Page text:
I think that touching the E-M5 sensor is an absolute no-no. Good thing is, you don’t need to. Olympus’ dust protection system is brutally effective. I changed lenses with abandon on an E-510 out in the Arizona desert for years, and had no dust problems at all, while my dad’s Canons were a mess. Olympus has some special magic in their dust-off system; it’s more intricate than any of the others, and it works awfully well.

  • DUX

    Roger,
    Well done for your tests!
    I have been considering to purchase a D610 for sometime now so, your inquiry on the dust accumulating censor was just what I have been expecting. Yet, there has been another issue with the D600 – the oil spraying.
    Can you please enlighten us on wether the D610 deals with that problem?

    Thanks in advance!

  • Roger Cicala

    Diego, we’ve opened them up and I had thought the rather large opening around the shutter was the culprit, but the 610 has the same opening. When we have enough 610 stock I’ll open one up and see what the difference seems to be if it’s visible. My assumption at this point, though, is there was lots of dust inside the body during manufacturing that worked it’s way out, and they’d cleaned up the assembly process — in which case I won’t see anything.

  • Thank You Roger for this! This certainly helps new owners.

    BUT…does not really give much to existing d600 owners…

    I challenge you to open a D600 and FIND the determining the source of the problem…could you do that? I hope so…:)

    Thanks
    JDF

  • Roger Cicala

    AJ, that’s certainly possible, but I don’t know that it explains the preponderance of particles in the upper left hand (shutter side) area of the sensor. But I guess it could be that there was more charge in that location.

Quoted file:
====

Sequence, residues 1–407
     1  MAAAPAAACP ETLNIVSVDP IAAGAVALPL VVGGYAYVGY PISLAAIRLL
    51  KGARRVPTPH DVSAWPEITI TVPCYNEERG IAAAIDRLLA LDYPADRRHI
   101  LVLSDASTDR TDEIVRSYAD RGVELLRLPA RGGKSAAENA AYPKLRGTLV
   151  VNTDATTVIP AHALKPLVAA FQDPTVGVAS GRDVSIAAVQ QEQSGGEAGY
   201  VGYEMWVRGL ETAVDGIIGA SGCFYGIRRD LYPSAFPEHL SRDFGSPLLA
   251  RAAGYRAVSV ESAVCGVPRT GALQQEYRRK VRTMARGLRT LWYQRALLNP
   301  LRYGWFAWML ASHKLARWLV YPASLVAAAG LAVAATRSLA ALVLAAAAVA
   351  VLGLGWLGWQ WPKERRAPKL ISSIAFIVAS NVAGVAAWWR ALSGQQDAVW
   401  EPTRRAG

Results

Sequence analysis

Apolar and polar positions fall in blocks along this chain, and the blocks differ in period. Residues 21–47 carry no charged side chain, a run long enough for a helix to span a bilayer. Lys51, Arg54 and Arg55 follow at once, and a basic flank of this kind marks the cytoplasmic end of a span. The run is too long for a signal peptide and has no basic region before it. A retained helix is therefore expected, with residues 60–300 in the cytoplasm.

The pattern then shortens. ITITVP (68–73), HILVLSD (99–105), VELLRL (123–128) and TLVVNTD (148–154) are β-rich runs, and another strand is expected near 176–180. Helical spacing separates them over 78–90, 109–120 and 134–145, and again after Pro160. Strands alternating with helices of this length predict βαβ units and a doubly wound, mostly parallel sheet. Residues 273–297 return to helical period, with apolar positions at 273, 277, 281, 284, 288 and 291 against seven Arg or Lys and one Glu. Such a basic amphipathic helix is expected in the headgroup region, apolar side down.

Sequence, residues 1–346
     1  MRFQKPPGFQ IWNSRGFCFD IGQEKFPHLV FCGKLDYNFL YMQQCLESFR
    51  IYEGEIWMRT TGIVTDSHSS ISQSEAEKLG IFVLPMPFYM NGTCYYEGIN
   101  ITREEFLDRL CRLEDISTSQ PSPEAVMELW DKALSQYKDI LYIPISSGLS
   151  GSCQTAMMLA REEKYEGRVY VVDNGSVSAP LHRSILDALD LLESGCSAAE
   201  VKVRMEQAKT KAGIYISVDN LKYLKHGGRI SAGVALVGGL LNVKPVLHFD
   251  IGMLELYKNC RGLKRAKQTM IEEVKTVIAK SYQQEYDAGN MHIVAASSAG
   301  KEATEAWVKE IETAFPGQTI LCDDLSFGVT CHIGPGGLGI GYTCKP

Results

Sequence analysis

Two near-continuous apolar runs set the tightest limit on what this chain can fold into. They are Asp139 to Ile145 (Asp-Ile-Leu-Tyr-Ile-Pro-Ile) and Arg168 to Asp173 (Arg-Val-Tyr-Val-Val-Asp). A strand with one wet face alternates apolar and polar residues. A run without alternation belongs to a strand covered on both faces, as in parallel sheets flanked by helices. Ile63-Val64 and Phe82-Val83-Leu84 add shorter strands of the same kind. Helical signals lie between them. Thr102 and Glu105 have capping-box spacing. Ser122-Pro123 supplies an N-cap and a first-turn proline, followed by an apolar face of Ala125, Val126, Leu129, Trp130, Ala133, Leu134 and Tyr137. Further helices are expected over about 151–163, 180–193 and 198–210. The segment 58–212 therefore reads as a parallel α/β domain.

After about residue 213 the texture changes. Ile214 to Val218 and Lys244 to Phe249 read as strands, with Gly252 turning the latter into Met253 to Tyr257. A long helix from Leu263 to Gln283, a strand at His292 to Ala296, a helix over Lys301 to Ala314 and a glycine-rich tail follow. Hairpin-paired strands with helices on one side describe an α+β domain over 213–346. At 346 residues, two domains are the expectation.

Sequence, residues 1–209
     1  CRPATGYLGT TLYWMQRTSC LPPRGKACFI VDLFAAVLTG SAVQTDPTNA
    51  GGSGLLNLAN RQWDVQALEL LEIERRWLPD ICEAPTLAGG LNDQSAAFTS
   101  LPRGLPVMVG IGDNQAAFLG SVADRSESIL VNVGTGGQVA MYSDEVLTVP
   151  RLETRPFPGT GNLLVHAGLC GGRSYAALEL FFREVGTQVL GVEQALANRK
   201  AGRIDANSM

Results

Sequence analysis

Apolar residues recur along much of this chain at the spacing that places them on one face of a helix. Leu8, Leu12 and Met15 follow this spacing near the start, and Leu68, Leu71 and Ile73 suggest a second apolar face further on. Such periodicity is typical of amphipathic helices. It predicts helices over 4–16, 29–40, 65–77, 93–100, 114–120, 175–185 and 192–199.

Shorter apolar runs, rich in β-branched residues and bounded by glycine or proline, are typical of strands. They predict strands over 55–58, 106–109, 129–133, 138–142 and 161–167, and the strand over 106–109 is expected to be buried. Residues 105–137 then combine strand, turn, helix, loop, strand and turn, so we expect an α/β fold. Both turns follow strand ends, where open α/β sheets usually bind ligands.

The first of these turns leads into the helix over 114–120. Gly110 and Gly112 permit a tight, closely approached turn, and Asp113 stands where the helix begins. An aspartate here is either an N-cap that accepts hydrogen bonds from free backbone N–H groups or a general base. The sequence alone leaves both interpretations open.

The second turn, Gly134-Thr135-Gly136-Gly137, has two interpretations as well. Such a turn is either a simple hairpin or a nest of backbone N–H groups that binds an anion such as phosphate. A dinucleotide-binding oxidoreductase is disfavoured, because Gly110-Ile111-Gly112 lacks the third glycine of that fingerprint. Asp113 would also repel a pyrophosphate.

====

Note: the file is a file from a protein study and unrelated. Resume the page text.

Roger

  • Roger,

    Could the D600 problem have been to an excess tribocharge on the sensor itself? AKA, could static have been building up over the face of the sensor, or even over a section of the sensor, that was attracting more dust to that location than another camera’s sensor would?

    After 5000 exposures, this electric effect may taper off or may be neutralized from weatherization by way of extensive humidity exposure (not high humidity exposure, just general humidity exposure over the time of 5000 exposures) or the wiping off of the image static from the 5000 exposures could clear this buildup over the life of 5000 exposures. Just ideas I was wondering if you have thought of.

    AJ

  • Roger Cicala

    PJ, if they’ll give you a new shutter, I’d be all for it. But I’m hearing no guarantees that is the case – although I wouldn’t necessarily know since we don’t get warranty repairs.

  • Roger,

    Thanks you for the excellent article along with the cleaning methodology. Looks like a static brush and loupe will be on my Christmas list to lessen the wet cleans on my D600. I have only cleaned it a few times in 5k shutter snaps..

    Since I don’t have an oil issue and dust isn’t too bad either after about 5k snaps, is it correct to assume that you would not recommend sending it in for a cleaning with the hope/risk of a shutter replacement? I was leaning towards sending it in until your article mentioned that the shutters “seem” to be the same design.
    Patrick

  • Hey Roger, this is off topic but probably gonna rent a couple different street photography setups from you soon

    1st: Lumix gx7 with lumix/leica 25mm
    2nd: Fuji XM1 with Zeiss 32mm

    In your professional opinion, which camera combo is the better urban camera?

    ps: live here in Nashville-love that you guys opened a store in maryland farms in brentwood 🙂

  • Roger Cicala